Detailed morphological structure and phylogenetic relationships of Degeeriella punctifer (Phthiraptera: Philopteridae), a parasite of the bearded vulture Gypaetus barbatus (Accipitriformes: Accipitridae)

Publication Type:Journal Article
Year of Publication:2023
Authors:J. M. Pérez, Sáez, Á., Liébanas, G., Rossi, L., Fernández, M., Fraija-Fernández, N.
Journal:Scientific reports
Date Published:Jan-10-2023
Keywords:ecology, genetics, Zoology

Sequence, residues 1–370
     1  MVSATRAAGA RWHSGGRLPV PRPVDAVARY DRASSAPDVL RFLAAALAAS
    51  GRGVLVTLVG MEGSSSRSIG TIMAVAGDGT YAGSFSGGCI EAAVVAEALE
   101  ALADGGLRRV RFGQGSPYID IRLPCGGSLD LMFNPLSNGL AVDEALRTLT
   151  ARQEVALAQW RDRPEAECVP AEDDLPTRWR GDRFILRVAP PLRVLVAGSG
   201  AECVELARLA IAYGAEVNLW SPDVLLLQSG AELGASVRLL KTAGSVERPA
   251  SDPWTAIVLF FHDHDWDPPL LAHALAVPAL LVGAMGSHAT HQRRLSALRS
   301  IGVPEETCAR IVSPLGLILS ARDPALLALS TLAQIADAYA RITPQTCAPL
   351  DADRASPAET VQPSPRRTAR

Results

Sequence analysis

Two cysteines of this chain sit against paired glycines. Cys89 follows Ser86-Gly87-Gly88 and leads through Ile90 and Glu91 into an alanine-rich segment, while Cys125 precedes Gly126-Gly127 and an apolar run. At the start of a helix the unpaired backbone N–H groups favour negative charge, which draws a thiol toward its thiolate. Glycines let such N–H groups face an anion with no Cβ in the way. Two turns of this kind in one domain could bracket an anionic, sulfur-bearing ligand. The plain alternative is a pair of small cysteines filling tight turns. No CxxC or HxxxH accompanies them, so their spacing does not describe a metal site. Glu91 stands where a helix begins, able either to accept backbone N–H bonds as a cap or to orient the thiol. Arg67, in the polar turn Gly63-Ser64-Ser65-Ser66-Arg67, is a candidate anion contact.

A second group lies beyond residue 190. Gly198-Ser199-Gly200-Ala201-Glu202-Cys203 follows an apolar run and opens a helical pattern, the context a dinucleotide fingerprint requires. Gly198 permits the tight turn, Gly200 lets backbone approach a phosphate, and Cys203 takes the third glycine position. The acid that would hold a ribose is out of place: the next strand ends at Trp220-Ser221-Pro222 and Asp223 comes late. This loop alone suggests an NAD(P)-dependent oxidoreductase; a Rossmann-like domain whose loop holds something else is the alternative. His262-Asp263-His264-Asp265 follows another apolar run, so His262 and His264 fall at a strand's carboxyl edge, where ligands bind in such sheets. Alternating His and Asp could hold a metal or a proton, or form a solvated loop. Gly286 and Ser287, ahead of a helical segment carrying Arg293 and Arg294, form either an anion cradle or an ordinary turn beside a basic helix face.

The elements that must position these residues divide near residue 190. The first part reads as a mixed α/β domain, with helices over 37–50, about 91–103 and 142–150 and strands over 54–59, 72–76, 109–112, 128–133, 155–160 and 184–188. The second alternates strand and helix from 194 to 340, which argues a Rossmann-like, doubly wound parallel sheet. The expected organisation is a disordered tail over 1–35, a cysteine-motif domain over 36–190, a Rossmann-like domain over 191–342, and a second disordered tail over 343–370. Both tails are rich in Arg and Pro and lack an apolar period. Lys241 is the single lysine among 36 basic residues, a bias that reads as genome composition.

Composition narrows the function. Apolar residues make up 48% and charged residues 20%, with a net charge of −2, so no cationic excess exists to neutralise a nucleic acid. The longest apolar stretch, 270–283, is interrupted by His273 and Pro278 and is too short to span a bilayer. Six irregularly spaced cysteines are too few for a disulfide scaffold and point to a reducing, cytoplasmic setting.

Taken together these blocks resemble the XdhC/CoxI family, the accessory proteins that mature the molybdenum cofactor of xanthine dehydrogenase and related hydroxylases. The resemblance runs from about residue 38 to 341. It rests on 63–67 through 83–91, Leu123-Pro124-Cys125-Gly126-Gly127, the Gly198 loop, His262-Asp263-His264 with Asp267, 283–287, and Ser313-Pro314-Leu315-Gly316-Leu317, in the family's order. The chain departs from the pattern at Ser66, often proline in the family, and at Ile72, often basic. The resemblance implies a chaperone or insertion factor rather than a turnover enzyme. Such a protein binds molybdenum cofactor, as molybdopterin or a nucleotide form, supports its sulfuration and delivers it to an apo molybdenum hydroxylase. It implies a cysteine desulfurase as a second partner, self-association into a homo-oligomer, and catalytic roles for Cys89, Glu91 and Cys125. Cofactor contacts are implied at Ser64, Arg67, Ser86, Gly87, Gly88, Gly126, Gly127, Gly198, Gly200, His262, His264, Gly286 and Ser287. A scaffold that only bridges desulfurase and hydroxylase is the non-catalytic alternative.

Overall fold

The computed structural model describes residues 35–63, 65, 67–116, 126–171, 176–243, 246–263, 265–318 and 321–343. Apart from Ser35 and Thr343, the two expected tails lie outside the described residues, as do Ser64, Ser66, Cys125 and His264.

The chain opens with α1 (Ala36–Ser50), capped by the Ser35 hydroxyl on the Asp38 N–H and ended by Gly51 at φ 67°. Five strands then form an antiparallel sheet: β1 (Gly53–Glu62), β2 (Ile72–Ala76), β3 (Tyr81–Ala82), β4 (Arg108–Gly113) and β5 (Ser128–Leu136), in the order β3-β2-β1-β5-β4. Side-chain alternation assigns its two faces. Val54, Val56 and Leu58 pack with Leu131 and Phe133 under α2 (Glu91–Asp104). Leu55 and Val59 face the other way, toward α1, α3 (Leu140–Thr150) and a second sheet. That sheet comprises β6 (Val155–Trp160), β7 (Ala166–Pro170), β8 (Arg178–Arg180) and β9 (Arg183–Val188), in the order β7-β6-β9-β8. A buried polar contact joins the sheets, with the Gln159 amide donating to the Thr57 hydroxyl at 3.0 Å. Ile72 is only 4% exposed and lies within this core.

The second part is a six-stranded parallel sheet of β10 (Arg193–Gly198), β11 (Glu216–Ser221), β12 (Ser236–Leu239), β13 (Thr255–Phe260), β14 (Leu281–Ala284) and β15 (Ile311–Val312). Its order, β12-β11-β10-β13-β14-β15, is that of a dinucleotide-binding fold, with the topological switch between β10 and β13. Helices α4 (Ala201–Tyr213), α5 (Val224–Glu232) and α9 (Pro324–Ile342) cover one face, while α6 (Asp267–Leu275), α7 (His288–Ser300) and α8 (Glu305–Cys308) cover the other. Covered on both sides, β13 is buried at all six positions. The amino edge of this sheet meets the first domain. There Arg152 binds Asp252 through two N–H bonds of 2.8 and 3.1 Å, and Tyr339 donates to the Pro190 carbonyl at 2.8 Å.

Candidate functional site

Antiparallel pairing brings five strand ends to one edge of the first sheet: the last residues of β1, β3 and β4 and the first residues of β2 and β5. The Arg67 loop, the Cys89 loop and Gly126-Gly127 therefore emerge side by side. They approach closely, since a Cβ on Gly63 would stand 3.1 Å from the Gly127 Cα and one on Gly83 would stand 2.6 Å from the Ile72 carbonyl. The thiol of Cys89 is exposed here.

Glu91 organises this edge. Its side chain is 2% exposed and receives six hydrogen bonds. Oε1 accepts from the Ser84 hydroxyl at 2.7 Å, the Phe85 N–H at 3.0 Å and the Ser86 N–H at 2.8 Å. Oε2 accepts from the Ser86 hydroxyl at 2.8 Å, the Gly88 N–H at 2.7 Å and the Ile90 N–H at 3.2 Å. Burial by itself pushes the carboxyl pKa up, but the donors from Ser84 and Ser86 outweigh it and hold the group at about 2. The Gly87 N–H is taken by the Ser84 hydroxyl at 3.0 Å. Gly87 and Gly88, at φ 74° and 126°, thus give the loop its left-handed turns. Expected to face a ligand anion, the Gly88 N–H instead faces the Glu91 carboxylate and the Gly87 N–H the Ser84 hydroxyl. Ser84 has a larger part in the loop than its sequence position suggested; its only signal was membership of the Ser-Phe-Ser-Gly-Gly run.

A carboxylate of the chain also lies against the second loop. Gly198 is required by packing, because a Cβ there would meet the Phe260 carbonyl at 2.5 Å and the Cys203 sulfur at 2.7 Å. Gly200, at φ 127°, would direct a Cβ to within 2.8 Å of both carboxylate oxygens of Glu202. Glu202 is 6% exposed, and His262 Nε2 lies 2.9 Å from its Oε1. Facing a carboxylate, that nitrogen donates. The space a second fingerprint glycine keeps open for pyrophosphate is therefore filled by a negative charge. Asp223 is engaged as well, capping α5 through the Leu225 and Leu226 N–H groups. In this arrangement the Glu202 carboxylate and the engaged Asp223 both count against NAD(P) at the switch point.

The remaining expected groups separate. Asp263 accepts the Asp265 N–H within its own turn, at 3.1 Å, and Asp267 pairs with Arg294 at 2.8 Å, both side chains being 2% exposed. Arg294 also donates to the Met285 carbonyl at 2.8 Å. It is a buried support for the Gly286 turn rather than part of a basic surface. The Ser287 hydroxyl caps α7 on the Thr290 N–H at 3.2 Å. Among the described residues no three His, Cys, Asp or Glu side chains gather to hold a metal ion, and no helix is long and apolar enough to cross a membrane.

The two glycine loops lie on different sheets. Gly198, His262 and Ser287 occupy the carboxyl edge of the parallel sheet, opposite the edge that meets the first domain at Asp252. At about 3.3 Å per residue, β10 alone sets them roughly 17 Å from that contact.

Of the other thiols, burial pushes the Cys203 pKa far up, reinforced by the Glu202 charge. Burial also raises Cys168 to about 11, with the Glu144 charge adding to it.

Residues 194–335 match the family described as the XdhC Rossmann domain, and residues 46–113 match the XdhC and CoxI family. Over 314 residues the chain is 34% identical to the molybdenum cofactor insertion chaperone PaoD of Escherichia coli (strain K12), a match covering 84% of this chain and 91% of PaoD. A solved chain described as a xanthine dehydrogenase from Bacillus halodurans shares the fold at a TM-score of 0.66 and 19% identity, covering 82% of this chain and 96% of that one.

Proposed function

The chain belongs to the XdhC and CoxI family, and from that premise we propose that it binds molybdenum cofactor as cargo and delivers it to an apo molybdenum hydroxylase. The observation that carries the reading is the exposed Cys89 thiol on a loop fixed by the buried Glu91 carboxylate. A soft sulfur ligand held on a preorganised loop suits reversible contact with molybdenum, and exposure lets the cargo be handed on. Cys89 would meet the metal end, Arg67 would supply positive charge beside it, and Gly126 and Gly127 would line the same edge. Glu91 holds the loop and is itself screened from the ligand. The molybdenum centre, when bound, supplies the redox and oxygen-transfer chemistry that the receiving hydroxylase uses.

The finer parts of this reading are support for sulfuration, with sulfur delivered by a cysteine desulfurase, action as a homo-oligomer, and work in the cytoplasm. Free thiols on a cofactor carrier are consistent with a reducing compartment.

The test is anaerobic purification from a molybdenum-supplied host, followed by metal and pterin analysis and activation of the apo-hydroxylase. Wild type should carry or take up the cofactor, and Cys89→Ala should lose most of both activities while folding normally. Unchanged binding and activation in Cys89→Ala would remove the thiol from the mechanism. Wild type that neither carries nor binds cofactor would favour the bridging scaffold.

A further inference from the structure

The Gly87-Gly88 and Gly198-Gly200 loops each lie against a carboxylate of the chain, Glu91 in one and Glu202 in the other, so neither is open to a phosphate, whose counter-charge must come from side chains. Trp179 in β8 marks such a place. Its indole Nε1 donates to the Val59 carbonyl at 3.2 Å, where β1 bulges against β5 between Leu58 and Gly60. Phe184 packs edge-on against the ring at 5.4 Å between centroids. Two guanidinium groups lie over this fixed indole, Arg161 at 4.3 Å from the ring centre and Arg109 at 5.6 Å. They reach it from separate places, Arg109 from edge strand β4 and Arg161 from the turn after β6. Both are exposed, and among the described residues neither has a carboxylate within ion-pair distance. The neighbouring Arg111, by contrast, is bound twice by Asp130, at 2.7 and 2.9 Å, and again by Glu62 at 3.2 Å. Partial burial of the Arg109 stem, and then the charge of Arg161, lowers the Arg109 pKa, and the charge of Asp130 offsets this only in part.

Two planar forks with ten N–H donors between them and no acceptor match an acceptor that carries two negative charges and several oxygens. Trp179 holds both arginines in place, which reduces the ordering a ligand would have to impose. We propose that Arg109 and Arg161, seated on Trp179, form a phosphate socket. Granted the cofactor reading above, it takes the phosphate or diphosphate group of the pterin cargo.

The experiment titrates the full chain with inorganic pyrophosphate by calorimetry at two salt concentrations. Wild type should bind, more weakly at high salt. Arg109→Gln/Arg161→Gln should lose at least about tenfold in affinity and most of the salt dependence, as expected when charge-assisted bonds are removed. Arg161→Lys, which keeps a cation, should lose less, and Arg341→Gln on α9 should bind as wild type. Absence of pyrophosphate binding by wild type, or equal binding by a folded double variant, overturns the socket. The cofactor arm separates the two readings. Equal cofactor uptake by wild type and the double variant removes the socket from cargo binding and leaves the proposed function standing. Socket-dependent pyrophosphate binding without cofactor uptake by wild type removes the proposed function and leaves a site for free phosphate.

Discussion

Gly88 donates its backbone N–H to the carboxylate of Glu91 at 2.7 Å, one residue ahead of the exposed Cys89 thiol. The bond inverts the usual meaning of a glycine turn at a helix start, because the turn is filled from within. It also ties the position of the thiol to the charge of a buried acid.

Habitat loss is one of the main threats to species survival and, in the case of parasites, it is their hosts that provide their habitat. Therefore, extinction even at local scale of host taxa also implies the extinction of their parasites in a process known as co-extinction. This is the case of the bearded vulture (Gypaetus barbatus), which almost became extinct at the beginning of the twentieth century. After several attempts, this species was successfully reintroduced into the Alps at the end of the twentieth century. We collected 25 lice specimens from an electrocuted bearded vulture from Susa (Italian Alps) that were morphologically identified as Degeeriella punctifer. Six individuals were studied by scanning electron microscopy, with particular emphasis on their cephalic sensorial structures, while four further specimens were characterized at molecular level by amplifying partial regions of the 12SrRNA, COX1 and elongation factor 1 alpha (EF-1) genes. From a morphological perspective, the number, type and arrangement of the sensillae on the two distal antennal segments is quite similar to that of other species of the family Philopteridae (Phthiraptera: Ischnocera). The mandibles and tarsal claws allow lice to cling firmly to their host’s feathers. Phylogenetic analyses help unravel the paraphyletic nature of the genus Degeeriella and demonstrate the clear differentiation between lice parasitizing Accipitriformes and Falconiformes, as well as the close relationship between D. punctifer, D. fulva, D. nisus and Capraiella sp. that, along with other genera, parasitize rollers (Aves: Coraciiformes).

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